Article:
Not so long ago, I stood by my father’s side witnessing the ever-advancing damage of dementia. I knew deep inside that our time together was growing short from a cognitive perspective, but I never once took into consideration that he, himself, would be taken so quickly. Dad was a Master Gardener who dedicated his life to understanding the soil, composting, plant diseases and cures, etc.
Dad volunteered 20,000 hours of his senior years teaching children in elementary, middle, and high schools how to nurture and grow vegetables, how to be more self-sufficient, how to be responsible, how to be part of something bigger than yourself. He also went into prisons, as he wanted to give them a sense of hope and accomplishment. Dad was sent a gold lapel pin award from President Bush, honoring his 20,000 hours of volunteering, and he was so proud of that pin.
When dad and I were in the garden together, he used to say there was no therapy better than sticking your hands in the earth and being a part of nurturing a plant to maturity, taking a back seat to mother nature, of course. Little did I know, I would inherit his love for gardening and his green thumb as well.
There are many life lessons to be learned from gardening. Below are several listed from Adam McCane’s site, which I really like; I just tweaked them a bit for purposes of this blog.
- What you water grows. This simply means that we need to pay attention to ensure we are watered throughout life. It is the most basic need we have, for without it, we would perish. So will our plants that feed us, if we don’t take care of them or the earth.
- Weed regularly. Weeds are deceptive. You won’t notice them starting, but before you know it, they are choking out your veggies, stealing water and nutrients from your plants, and reproducing. The rule in the garden is simple: If you see a weed, pick it! The same is true for life. Weeds and other “undesirables” have a way of creeping in on us. We need to be mindful that we do not need any weeds in our lives, literally or figuratively. Get rid of them and don’t feel bad about it. All of us are tired of dealing with the weeds!
- Sharing the harvest. It’s all about abundance, whether you are sharing veggies, flowers, time, care, love, etc. Share what you have an abundance of and pay it forward. It always finds its way back.
- Plant in the right season. For everything, there is a time and purpose. Sometimes, it is beyond our understanding. I believe we reap what we sow. Maybe it’s time to plant better, more productive things in our lives. Feed your spirit by allowing only good things into your life now. If you see things rotting, infested, etc., you will need to tend to them by getting rid of them, or proactively healing them. TIme and nature will tell you which one it will be.
- Space is required for growth. It’s hard to imagine how much room a vegetable is going to need when you grow it from seed or buy a seedling that is in a 5-inch pot. Sometimes they grow so fast and thick, they can choke out other plants. Giving a plant plenty of space is important for the health of the plant, so it receives plenty of sunshine and nutrients. Providing this space will ensure our plants will be healthy, productive, and have plenty of breathable space. We need to do this for ourselves and give that gift to others too.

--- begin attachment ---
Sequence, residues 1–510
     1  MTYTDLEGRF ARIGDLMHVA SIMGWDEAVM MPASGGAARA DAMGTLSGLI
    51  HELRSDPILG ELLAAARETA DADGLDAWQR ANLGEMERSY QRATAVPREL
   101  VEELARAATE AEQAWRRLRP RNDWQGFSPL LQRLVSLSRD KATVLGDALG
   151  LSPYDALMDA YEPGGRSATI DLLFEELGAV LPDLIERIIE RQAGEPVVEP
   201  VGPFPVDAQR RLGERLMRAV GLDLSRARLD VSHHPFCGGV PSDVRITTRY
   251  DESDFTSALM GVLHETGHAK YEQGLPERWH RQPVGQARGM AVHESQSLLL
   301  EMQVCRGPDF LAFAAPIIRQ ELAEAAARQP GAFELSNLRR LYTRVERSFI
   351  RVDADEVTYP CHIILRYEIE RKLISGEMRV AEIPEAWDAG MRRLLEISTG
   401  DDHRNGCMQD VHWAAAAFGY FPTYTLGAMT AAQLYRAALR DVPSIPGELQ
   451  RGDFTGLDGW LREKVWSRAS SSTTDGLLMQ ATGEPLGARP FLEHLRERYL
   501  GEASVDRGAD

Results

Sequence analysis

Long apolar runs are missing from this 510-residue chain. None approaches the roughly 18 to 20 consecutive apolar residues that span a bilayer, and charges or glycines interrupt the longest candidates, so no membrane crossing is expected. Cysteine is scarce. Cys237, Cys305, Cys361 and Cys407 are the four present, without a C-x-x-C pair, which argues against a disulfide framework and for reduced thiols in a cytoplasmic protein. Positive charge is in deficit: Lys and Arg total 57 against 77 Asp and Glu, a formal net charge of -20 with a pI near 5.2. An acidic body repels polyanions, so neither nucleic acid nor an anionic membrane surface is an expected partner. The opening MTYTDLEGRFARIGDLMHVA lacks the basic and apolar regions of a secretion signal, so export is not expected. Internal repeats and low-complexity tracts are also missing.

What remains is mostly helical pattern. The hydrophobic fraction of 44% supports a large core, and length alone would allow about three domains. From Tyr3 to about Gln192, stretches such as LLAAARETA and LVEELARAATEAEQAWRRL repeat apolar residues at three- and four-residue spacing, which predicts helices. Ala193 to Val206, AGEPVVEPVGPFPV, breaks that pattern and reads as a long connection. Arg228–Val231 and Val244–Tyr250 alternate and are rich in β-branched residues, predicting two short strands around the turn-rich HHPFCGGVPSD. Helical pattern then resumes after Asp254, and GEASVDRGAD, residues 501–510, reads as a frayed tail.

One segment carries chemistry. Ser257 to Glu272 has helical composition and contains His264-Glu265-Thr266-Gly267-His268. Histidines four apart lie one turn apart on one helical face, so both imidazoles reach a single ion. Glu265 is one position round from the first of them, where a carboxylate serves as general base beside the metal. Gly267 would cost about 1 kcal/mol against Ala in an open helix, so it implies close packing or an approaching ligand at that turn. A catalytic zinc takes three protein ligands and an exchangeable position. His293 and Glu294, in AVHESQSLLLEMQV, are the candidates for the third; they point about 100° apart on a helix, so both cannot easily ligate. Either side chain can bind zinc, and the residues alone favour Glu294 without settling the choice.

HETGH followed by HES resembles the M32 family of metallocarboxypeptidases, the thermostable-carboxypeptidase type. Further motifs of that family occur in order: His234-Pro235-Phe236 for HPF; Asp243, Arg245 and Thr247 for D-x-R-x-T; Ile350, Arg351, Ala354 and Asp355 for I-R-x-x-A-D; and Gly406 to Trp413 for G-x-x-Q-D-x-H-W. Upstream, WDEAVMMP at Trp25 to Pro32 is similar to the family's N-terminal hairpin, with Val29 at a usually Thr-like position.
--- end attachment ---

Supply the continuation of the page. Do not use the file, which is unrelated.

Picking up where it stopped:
- Pruning is necessary for abundance. Cutting, pinching, or picking off dead leaves, branches, poor or weak fruit is necessary for the growth of the healthy fruit. Vineyard pruners do this every day. They know exactly how to cut the vine to promote healthy grapes. While it may look harsh to see so much being removed, it gives the healthy portions of the plant more nutrients to produce the best fruit. Sometimes, we need to look at ourselves the same way and learn how to prune ourselves by letting go of things that no longer serve our well-being and our highest good.
Dad’s old garden hat is still hanging next to mine on a hook in my laundry room. Every time I head out to the garden, Dad accompanies me in spirit. I kept his watering can, his old worn leather gloves, his t-shirts. Those things were my father and how I remember him best. I can still hear his voice guiding me in the stillness of my own vegetable patch. Much of his advice to me through life also applies to the lessons of raising a successful garden, whatever “garden” we may be cultivating at any given time.
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Julie Hall, The Estate Lady®, is the foremost national expert on personal property in estates, including liquidating, advising, and appraising. http://www.TheEstateLady.com She is also the Director of American Society of Estate Liquidators®, the national educational and resource organization for estate liquidation. http://www.aselonline.com.
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